What is Human Security Collective about?
Human Security Collective (HSC) is a foundation with a strong background in Development, Conflict Transformation and Security. HSC bridges the gap between people and security. We address the asymmetric character of decision-making in the domain of security by ensuring multi-stakeholder engagement, and protect and expand the operational and political space of civil society.
HSC connects local human security with global security, engages civil society with important security agendas on conflict prevention, counter terrorism and de-radicalization. It enables governments to build meaningful and trustful engagement and partnership with civil society on security matters. HSC is a hub and facilitates a network of civil society leaders working on a broad spectrum of security-related issues.
NEW PROGRAMME LAUNCHED
‘Building Resilience with Tunisian and Dutch Youth in High Risk Areas’
Human Security Collective (HSC) has just kicked off a project (January 2016) working with Dutch and Tunisian youth on issues concerning local security, social cohesion and resilience. This is being carried out in close cooperation with local civil society organizations. The project aims at engaging youth from Delft and six areas of Tunisia (Tunis, Ben Arous, Kef, Siliana, Kasserine and Medenine) in order to work on enhancing resilience, social cohesion and security in their communities. For more see here.
♣ May 26-29, Tunis, Tunisia: Second workshop with mentors as part of the ‘Tunisian Leaders for Human Security’ project, in association with local partner Free Sight Association.
♠ May 31-June1, Berlin, Germany: HSC presenting its work in the OSCE-wide Counter-Terrorism Conference on ‘Preventing and Countering Violent Extremism and Radicalization that Lead to Terrorism (VERLT)‘ at the Federal Foreign Office of the Republic of Germany in Berlin. See agenda here.
♥ June 3, New York, US: HSC presenting its programme ‘Building Resilience with Tunisian and Dutch Youth in High Risk Areas’, together with partners Free Sight Association and Participe, during a working breakfast at the UN Permanent Mission of The Kingdom of the Netherlands. The Mayor of Rotterdam, H.E. Mr. Ahmed Aboutaleb, and the UN Secretary-General’s Envoy on Youth will also be among the participants. Discussing will include the positive role of youth in preventing violent extremism.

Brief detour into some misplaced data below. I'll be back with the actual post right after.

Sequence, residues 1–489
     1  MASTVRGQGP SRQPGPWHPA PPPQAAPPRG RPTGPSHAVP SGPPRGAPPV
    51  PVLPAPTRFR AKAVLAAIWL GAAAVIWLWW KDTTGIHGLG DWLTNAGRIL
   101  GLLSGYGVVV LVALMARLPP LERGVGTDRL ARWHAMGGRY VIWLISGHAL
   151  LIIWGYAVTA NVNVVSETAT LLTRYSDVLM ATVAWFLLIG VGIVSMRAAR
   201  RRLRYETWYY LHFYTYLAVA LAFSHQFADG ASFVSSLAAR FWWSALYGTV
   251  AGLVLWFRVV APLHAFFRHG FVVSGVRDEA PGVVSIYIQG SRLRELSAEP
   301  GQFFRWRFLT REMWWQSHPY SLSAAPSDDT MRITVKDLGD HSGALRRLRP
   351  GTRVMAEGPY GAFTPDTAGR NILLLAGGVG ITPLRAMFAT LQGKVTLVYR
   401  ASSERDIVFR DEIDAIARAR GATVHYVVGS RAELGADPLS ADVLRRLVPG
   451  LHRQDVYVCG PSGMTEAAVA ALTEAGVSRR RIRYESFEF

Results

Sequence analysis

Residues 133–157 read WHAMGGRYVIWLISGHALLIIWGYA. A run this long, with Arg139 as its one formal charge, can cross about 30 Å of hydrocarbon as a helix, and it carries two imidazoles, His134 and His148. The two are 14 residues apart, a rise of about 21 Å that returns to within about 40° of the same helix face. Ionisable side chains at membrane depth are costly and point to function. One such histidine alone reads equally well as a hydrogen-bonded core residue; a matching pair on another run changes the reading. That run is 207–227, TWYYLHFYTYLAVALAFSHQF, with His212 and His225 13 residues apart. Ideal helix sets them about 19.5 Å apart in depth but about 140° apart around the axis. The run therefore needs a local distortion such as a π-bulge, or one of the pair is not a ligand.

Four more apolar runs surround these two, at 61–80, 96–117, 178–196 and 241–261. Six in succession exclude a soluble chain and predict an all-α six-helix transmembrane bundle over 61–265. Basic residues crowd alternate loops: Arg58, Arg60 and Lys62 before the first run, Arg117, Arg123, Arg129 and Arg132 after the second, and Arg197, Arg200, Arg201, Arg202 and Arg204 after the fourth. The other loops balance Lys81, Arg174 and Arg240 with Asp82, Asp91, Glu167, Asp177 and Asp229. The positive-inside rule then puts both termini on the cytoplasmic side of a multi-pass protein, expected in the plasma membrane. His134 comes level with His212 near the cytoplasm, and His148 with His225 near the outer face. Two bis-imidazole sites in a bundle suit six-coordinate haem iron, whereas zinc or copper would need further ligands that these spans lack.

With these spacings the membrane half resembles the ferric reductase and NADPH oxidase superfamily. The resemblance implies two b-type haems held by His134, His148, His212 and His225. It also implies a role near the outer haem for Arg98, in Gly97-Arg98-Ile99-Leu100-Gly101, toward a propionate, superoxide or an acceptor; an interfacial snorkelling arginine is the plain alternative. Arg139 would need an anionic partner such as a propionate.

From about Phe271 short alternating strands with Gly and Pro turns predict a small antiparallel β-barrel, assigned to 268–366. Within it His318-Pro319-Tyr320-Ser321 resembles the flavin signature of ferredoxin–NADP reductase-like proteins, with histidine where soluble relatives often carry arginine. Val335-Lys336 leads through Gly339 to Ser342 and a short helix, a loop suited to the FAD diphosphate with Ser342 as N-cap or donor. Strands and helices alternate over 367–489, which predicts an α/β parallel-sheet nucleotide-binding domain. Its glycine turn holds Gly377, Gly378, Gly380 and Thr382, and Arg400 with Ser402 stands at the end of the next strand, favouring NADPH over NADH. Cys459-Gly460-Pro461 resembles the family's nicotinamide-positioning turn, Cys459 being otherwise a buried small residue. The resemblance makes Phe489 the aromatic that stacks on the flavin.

♦ June 28- July 1, Stockholm, Sweden: HSC part of plenary panel at the International Society for Third-Sector Research’s 12th International Conference. The discussion will be centred around ’What the Field Needs from the Researchers: Listening to the International Civil Society Community’. For more details on the conference, see here.
Statement: The United Nations Special Rapporteur on the rights to freedom of peaceful assembly and of association, Maina Kiai, called on the Financial Action Task Force (FATF) to improve its cooperation with civil society and consider the sector’s valuable contribution to the fight against terrorism. He commended FATF on its decision to reviseits controversial Recommendation 8 (R8), which requires FATF member states to ensure that nonprofits are not used to fund terrorism. In recent years, oppressive governments have used R8 to crack down on dissent. He said that 'the approach to countering terrorist activity needs to shift from regarding NPOs as part of the problem, to embracing them as integral to the solution'. See here for the full statement, issued 18 April 2016.
Radio: HSC on NPO Radio 1's Bureau Buitenland speaking about Al Qaeda in the Islamic Maghreb (AQIM) in light of the recent attack in the Ivory Coast (March 2016).
Report: The UN has released its detailed Plan of Action on Preventing Violent Extremism (December 2015). Read here.
See here for the comments of the Global NPO Coalition on the FATF on the open, public comment process, seeking input from NPOs on revision of the Interpretive Note (IN) for Recommendation 8 (R8, non profit organisations). The IN is binding guidance for implementation of R8. Listen here to the webinar held on Nov 13 explaining the ins and outs of the proposed FATF policy-revision process.
Feature: On the de-risking by banks and its consequences, especially on remittances. Fulco van Deventer shares his thoughts in this article in De Groene Amsterdammer(Sept 2015)
Blog: Discussion on Countering Violent Extremism and Human Security in Mali by Siebrich Visser, June 2015.
Website: Go to the Civil Society platform on the Financial Action Task Force (FATF) to learn more about how civil society is effectively engaged in the debate on anti-money laundering and combatting terrorism financing. http//fatfplatform.org/